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Three for the Fourth

- By Marsha Bryant

From the mountains and prairies, to ocean’s white foam:
Hail the beers of America. Let your tastes roam!
‘Twixt Atlantic, Pacific
Come brewers prolific
With tributes for toasting this spacious-skied home.

So gallantly streaming, beers pour
Into glasses and cups for the Fourth.
From the crisp, from the tart,
to the hoppy—the heart
Of the country pumps out brews galore!

Here are three for the Fourth just for you—
A wide-ranging assortment of brew.
One’s classic, one’s play-
ful. Nostalgia holds sway
In the last one I choose to review.

Ragged Glory—O long may it wave
With a fresh-hop approach and a fla-
vor that pairs with...


to cast a shadow for each other until we are bones

- By k

A review of The Girl Before Her by Line Papin (Kaya Press, 2023)

The road to the laundromat is iced all over and the wind is ruthless, blowing me back to the winter in Massachusetts, to the field of sunflowers, their eight-foot stalks almost depleted of moisture, their beehive heads bent over by snow, yet refusing to touch the ground. Suddenly this image comes to me: i’m running in the snowfield toward somewhere i don’t know, and a flash of light enters the corner of my eye—a silver figure running in my direction. We meet with a hug in the middle of the field (in an open field, everywhere is the middle). We hug without a word, feeling each other through layers and layers...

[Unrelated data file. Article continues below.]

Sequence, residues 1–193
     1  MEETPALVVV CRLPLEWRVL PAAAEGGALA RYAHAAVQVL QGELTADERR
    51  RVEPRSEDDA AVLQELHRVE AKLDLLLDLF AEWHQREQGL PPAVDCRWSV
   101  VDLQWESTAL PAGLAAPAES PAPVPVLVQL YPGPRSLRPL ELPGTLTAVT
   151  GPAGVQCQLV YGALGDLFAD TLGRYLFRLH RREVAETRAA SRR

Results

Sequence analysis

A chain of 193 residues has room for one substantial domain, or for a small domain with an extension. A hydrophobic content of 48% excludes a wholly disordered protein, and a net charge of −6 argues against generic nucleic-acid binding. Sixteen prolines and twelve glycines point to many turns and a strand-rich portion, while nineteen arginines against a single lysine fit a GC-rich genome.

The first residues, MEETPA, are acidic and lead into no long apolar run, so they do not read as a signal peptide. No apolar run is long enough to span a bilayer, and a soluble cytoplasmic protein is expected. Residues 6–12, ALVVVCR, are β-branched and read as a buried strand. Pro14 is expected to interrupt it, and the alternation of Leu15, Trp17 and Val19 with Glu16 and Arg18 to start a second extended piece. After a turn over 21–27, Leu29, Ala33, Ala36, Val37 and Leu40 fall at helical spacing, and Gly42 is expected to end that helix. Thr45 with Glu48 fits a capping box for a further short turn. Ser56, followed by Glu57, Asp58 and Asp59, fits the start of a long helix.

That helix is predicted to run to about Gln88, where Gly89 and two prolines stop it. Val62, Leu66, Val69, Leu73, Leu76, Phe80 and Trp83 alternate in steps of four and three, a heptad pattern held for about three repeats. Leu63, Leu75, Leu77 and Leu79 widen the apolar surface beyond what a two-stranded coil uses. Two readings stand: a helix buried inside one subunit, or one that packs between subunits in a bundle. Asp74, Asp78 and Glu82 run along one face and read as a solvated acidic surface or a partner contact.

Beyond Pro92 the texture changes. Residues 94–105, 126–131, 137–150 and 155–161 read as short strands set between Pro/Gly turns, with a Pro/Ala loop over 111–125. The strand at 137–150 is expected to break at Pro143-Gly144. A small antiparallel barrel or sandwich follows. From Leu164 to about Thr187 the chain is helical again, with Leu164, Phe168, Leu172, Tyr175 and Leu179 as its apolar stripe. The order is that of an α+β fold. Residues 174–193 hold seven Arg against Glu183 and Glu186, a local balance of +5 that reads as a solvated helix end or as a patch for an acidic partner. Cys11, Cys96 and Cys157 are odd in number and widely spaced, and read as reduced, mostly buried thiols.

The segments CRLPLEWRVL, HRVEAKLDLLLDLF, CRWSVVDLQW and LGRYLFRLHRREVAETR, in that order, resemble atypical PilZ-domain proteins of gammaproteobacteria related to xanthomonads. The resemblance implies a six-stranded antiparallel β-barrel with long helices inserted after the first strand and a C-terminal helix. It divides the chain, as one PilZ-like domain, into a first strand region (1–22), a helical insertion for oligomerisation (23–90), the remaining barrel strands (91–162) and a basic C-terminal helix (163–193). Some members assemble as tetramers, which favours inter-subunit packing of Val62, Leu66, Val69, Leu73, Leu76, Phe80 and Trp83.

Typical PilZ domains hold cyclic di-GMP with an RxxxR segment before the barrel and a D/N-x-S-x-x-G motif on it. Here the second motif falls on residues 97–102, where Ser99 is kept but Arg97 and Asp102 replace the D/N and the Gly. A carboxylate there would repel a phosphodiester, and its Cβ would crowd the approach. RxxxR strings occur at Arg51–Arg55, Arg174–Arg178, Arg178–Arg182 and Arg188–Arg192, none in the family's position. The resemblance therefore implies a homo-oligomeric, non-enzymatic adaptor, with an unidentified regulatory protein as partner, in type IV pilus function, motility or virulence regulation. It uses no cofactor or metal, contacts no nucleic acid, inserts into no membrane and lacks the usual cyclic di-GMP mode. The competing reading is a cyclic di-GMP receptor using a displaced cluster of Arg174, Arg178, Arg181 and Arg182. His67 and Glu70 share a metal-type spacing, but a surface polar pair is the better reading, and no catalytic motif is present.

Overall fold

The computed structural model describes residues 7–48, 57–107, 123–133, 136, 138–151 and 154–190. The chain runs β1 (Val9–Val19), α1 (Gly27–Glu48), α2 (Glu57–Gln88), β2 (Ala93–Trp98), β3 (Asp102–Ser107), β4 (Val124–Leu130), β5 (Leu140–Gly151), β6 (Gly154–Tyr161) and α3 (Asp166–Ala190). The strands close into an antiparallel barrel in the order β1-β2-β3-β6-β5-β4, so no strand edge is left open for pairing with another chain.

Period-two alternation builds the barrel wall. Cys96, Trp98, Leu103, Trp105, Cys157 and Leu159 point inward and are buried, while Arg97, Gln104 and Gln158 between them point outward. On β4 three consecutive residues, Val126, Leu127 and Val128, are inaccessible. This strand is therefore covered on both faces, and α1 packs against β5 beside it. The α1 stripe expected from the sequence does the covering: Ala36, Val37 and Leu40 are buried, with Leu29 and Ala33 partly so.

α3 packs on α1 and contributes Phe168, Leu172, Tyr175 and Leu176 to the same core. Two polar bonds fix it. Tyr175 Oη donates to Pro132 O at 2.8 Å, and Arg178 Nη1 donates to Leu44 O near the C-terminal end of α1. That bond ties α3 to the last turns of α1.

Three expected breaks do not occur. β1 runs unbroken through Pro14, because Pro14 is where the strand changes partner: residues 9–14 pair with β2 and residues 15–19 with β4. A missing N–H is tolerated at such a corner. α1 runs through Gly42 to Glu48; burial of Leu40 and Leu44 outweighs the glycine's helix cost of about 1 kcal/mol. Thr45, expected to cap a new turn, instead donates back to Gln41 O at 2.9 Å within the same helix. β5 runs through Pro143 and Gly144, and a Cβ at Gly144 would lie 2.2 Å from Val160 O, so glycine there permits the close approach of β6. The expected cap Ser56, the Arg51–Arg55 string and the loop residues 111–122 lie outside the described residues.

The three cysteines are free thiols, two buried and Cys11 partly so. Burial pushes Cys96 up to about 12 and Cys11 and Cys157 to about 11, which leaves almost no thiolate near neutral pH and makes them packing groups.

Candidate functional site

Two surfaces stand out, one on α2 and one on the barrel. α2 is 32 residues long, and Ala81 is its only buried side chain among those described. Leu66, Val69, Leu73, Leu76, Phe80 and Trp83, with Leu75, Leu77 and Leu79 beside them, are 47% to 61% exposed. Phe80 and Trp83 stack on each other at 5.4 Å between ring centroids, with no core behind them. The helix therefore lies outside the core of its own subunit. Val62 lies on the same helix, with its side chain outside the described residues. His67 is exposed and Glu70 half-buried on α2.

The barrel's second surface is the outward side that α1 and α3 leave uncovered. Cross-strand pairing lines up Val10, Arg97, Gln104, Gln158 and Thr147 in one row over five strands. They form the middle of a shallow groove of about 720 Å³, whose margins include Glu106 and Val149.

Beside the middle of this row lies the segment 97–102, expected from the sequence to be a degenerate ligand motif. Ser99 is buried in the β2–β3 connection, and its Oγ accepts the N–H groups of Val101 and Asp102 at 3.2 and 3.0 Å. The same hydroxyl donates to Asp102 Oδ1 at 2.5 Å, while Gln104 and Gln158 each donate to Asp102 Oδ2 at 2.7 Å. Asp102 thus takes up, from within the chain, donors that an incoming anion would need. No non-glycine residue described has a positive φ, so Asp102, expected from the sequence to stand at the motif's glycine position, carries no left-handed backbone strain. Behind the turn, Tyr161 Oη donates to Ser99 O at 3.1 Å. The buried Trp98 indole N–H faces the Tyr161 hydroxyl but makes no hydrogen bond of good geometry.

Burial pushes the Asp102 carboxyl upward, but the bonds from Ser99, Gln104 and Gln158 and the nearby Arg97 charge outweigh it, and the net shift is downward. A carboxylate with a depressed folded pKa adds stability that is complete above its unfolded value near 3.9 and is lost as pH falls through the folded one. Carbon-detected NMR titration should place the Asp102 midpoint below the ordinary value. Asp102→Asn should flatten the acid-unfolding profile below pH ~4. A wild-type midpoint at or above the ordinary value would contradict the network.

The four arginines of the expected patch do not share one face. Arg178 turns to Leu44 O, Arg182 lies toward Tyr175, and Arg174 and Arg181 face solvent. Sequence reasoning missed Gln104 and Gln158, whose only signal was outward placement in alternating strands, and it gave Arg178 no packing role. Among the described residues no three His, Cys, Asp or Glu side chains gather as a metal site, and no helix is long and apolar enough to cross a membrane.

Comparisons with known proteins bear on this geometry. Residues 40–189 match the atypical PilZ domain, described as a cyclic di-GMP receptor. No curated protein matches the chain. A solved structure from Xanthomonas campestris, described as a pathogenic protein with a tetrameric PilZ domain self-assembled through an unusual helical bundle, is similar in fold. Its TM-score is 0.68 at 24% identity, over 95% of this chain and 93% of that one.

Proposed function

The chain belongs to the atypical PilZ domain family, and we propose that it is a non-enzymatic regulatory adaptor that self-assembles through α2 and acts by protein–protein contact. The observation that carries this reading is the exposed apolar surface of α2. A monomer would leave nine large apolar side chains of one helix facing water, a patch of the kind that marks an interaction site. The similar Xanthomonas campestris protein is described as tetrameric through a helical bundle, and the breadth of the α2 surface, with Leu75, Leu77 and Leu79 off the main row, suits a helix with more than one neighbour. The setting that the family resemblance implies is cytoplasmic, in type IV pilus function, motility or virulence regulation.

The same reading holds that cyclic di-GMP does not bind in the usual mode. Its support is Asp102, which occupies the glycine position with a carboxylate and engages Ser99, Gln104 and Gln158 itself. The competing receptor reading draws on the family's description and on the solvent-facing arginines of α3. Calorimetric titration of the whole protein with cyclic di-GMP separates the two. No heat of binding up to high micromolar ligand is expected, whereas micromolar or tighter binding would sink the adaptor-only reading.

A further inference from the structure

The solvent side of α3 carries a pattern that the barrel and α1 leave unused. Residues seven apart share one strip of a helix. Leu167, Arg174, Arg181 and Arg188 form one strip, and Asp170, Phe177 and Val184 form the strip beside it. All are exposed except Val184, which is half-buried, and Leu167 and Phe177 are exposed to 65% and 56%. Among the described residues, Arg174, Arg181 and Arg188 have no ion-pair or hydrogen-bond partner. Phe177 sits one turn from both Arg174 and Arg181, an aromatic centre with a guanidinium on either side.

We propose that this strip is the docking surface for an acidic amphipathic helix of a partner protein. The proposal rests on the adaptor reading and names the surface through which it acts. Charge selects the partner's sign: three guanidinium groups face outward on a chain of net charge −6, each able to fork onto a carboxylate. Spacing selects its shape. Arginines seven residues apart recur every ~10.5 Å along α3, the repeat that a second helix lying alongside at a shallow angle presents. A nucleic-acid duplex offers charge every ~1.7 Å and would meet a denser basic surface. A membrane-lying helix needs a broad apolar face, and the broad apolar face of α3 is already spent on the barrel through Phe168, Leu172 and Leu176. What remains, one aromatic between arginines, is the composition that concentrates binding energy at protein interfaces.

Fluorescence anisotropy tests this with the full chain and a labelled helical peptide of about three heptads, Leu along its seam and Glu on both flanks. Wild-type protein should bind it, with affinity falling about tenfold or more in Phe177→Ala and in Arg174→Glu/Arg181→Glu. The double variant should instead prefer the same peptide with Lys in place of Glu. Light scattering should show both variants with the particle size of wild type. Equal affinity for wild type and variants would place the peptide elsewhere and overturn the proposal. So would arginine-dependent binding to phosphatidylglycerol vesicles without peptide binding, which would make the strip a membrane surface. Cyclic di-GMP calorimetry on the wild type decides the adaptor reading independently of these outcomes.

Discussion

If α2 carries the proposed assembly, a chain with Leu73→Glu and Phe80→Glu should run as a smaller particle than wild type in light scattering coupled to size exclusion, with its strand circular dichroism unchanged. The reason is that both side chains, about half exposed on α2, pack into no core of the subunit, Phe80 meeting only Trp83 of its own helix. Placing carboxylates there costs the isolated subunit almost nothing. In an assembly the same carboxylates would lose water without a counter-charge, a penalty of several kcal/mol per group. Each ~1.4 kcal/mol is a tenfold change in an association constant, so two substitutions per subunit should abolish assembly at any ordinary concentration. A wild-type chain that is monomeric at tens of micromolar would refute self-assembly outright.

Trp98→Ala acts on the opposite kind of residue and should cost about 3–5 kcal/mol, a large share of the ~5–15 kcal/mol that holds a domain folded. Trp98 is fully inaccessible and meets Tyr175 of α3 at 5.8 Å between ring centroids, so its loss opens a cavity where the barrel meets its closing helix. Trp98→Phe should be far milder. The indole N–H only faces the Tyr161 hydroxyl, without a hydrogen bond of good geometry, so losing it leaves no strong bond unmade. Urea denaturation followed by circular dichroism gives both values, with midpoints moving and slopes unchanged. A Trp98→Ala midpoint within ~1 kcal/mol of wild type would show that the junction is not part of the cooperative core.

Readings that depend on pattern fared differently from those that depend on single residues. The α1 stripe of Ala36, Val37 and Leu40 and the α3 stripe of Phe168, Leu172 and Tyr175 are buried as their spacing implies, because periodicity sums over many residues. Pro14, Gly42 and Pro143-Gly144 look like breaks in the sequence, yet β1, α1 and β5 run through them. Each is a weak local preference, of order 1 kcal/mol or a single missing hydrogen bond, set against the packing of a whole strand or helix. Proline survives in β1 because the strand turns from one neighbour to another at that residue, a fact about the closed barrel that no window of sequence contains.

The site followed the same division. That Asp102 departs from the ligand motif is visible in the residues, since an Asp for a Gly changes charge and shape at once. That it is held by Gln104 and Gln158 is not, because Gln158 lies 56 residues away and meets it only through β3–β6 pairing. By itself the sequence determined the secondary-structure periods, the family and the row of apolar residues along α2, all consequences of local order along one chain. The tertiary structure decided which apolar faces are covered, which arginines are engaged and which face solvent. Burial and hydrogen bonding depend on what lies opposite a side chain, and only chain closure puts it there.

Partisan Review: Of Dreams and Hallucinations

- By Jim Hicks

It must be awful to be a Republican these days. So many reasons to be terrified: immigrants flooding across our borders, gender subversion from within, swarthy people rising from below, and so few of “our nation’s core principles” left unassailed. Even Sean Hannity, culture warrior supreme, can’t seem to keep up. How on earth to fight so many foes at once?

Enter Ethan Keller, a Hannity Show producer as well as cofounder and executive director of the Locke Society, an organization with its sights set on “ensur[ing] that the next generation of Americans is not overwhelmingly socialist.” Only by “encouraging the conservative youth to pursue careers in public and private...



- By C.M. Crockford

A review of Bianca by Eugenia Leigh (Four Way Books, 2023)

“Trauma” and “grief,” or rather such shallow incarnations of serious psychological phenomena that they merit air quotes, have become trendy concepts in recent 21st century discourse and media. Movies and television use the traumatic past as a major plot revelation (The Matrix Resurrections, Succession, Yellowjackets), or the antagonist becomes a walking, talking metaphor for PTSD and unresolved issues (the recent Halloween, Smile). Then, through the wonders of narrative, the troubled protagonist finds an unusually easy solution to their problems, often...


Under Our Skin

- By Alexander Aguayo

A Review of Under Our Skin, by Joaquim Arena, translated by Jethro Soutar (Unnamed Press, 2023)

I like to say that Joaquim Arena’s memoir/travel narrative Under Our Skin, translated by Jethro Soutar and published by Unnamed Press, arrived to me at the perfect time, because I had been learning about extraordinary historical figures from the African diaspora, such as the grammarian Juan Latino, Madame Priscilla, Postmaster Charles Graves, and Sister Mary Wilhemina, when I read about the illustrious João de Sá Panasco in the pages of this book. Depicted in a Lisbon street scene by an anonymous sixteenth-century Flemish painter in the portrait Chafariz d...

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